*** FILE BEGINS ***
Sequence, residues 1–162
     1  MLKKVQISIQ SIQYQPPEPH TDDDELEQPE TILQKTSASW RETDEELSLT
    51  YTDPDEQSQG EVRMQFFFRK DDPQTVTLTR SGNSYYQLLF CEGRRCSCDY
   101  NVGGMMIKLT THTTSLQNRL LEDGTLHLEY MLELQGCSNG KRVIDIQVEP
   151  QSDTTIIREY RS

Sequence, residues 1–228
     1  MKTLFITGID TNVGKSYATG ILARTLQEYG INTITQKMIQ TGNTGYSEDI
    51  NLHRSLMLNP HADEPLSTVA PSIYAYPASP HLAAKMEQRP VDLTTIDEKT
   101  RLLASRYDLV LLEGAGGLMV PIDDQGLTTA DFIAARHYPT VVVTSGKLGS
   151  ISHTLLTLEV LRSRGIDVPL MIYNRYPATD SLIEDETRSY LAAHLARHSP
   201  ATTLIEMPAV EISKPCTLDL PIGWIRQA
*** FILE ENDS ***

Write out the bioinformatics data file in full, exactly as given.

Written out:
Sequence, residues 1–162
     1  MLKKVQISIQ SIQYQPPEPH TDDDELEQPE TILQKTSASW RETDEELSLT
    51  YTDPDEQSQG EVRMQFFFRK DDPQTVTLTR SGNSYYQLLF CEGRRCSCDY
   101  NVGGMMIKLT THTTSLQNRL LEDGTLHLEY MLELQGCSNG KRVIDIQVEP
   151  QSDTTIIREY RS

Sequence, residues 1–228
     1  MKTLFITGID TNVGKSYATG ILARTLQEYG INTITQKMIQ TGNTGYSEDI
    51  NLHRSLMLNP HADEPLSTVA PSIYAYPASP HLAAKMEQRP VDLTTIDEKT
   101  RLLASRYDLV LLEGAGGLMV PIDDQGLTTA DFIAARHYPT VVVTSGKLGS
   151  ISHTLLTLEV LRSRGIDVPL MIYNRYPATD SLIEDETRSY LAAHLARHSP
   201  ATTLIEMPAV EISKPCTLDL PIGWIRQA